Rocket Lab is a rapidly expanding commercial space company looking to emulate the overwhelming success of SpaceX.
Like its rival, Rocket Lab intends to build a reusable rocket system to reduce the cost of its space missions, which have so far put satellites into orbit for a number of private companies.
However, the two companies differ significantly in their approach to missile recovery. While SpaceX has already completed the landing process for its Falcon 9 first stage booster, Rocket Lab has fished its own boosters out of the ocean. But now it’s gearing up for its first-ever attempt to grab a falling electron booster out of the sky with a helicopter.
Rocket Lab will attempt the feat during a commercial ride-along mission, currently scheduled no earlier than April 19, with a custom-built Sikorsky S-92 helicopter attempting to fly the Electron’s 40-foot-tall first stage just minutes after liftoff from its Set up to get hold of in New Zealand.
The trial will take place about 150 miles off the coast of New Zealand. The booster will use parachutes to slow its descent. This allows the helicopter to make a close approach before deploying a specially designed grappling hook to grab the parachute’s drogue line and capture the booster. The helicopter will then transport the captured component to land, after which Rocket Lab will assess its suitability for use on another mission.
Two years ago, the company managed to use a helicopter to bring down a dummy carrier from the sky during a training mission.
Rocket Lab Founder and CEO Peter Beck commented on the upcoming mission called: “During our 16th, 20th and 22nd missions, we conducted many successful helicopter shots with replica stages, conducted extensive parachute tests and successfully recovered Electron’s first stage from the ocean. Now it’s time to put everything together for the first time and get Electron out of the sky.”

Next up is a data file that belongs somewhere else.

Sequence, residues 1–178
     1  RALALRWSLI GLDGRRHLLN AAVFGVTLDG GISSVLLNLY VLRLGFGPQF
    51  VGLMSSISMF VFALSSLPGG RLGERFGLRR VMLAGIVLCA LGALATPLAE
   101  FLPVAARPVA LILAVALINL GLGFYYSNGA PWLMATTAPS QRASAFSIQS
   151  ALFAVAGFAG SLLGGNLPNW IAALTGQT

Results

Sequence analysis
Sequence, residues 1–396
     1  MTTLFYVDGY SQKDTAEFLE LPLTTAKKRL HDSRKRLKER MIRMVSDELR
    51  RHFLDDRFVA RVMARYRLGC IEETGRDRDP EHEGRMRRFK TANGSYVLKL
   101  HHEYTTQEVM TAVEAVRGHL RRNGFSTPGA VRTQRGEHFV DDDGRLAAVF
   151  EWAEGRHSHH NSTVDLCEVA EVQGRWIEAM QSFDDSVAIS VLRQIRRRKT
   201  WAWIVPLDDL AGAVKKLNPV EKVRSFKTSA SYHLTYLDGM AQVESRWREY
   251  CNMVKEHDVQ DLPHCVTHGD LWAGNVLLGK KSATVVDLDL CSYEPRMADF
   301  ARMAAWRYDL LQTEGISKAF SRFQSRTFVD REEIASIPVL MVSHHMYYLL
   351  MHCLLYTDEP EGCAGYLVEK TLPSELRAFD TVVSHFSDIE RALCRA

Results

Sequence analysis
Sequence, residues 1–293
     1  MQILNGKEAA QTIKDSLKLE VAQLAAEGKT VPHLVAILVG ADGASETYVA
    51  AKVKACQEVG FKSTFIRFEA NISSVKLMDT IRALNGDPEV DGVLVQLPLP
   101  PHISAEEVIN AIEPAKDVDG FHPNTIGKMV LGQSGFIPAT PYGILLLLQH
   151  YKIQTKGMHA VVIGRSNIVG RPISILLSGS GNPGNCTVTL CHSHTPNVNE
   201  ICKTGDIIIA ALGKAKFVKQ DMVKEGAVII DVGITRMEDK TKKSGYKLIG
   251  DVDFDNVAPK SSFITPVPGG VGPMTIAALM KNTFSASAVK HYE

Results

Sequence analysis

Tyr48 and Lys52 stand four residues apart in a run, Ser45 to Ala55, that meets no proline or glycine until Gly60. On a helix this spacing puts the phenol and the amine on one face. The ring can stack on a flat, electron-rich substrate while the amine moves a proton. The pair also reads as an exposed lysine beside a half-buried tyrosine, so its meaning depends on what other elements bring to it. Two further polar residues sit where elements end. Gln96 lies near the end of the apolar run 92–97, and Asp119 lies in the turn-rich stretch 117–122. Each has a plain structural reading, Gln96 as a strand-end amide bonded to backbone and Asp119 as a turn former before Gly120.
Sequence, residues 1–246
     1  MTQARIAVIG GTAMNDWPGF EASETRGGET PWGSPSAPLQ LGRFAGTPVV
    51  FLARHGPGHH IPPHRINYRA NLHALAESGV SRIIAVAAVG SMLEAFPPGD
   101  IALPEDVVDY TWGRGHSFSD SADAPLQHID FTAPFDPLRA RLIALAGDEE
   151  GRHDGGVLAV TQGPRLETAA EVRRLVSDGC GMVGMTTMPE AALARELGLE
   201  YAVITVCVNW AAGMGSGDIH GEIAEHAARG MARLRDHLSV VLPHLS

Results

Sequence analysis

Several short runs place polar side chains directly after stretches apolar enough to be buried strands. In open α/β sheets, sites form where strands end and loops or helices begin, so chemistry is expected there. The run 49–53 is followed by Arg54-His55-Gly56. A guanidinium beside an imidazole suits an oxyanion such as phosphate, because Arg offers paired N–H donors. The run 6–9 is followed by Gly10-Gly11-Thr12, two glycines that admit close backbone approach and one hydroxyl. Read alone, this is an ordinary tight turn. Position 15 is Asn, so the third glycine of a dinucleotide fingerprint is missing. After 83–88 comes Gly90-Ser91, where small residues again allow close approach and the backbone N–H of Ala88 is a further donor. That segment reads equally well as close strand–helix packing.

Beck added, “Trying to catch a rocket as it falls back to earth is no easy feat, we’re absolutely threading the needle here… We expect to learn a tremendous amount from the mission as we work toward the ultimate.” Working toward the goal of making Electron the first reusable orbital small satellite launcher and offering our customers even more launch availability.”
Rocket Lab is also developing a more powerful two-stage rocket called the Neutron, which is suitable not only for satellite use, but also for interplanetary missions and even human spaceflight.
The new rocket is scheduled to make its first orbital flight in 2024. In this case, however, Rocket Lab plans to land the first stage booster the same way SpaceX does with the Falcon 9, rather than getting it down from a helicopter.
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